This is not relevant to the case, actually, because you would be entitled to steal food in these circumstances. But in organ transplant or ESC issues, you know that the victim did need it as much as you do.


But in the organ transplant, the "victim" willingly donated his or her organs. And organ transplant is only licit *if* the decedant has died before the organs are harvested (which is a sticky issue, as some argue that the patient must be technically alive for organs to be harvested at all).

As for ESCR, the victim has not voluntarily donated his or her tissues. THe victim has in fact been killed to harvest those tissues.

In the case receiving stolen goods, the salient point is that you have *no other means of feeding yourself. One other means is fasting (which is then heroic virtue). But if there's a box of crackers in your cupboard, buying a stolen cut of prime rib isn't justified.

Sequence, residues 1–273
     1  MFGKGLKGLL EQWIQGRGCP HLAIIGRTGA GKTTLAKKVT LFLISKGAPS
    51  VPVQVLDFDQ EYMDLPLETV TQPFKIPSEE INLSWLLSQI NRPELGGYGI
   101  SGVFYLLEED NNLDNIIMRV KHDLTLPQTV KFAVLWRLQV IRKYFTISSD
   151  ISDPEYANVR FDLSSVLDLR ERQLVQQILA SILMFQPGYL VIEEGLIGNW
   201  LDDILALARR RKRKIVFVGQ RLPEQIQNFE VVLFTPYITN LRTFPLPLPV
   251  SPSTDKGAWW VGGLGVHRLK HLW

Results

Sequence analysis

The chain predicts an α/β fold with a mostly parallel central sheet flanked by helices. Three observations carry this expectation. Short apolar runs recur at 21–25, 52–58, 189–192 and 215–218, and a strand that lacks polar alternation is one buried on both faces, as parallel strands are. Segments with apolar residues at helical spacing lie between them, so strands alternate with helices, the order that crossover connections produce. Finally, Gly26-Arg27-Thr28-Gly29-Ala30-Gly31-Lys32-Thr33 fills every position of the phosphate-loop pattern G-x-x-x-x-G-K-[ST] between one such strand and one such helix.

In the case of ESCR, there are plenty of viable alternatives. For example, almost every vaccine that is created using fetal tissue has an ethical and practical alternative available *somehwere* in the world. It's just a matter of people lobbying their governments and FDA-equivalents to approve those foreign vaccines.

Plus, there are other means of preventing these diseases (e.g,. you can prevent Hepatitis-B by being chaste; most diseases like chicken pox and mumps are spread by lack of proper sanitation).

The research that is being done using ESCR has other alternatives--including adult and umbilical stem cells--and thus far those stem cells have been proven more effective. THerefore, there is no morally justifiable way to use it.
And should any treatments be derived from ESCR when other methods have been *ignored* in favor of the most morally objectionable one, then it is not justified to use those treatments, because the doctors intentionally ignored the alternativse (as the US doctors who developed the Rubella vaccine never tried just swabbing an infected child's throat, the way Japan did).

Mike E.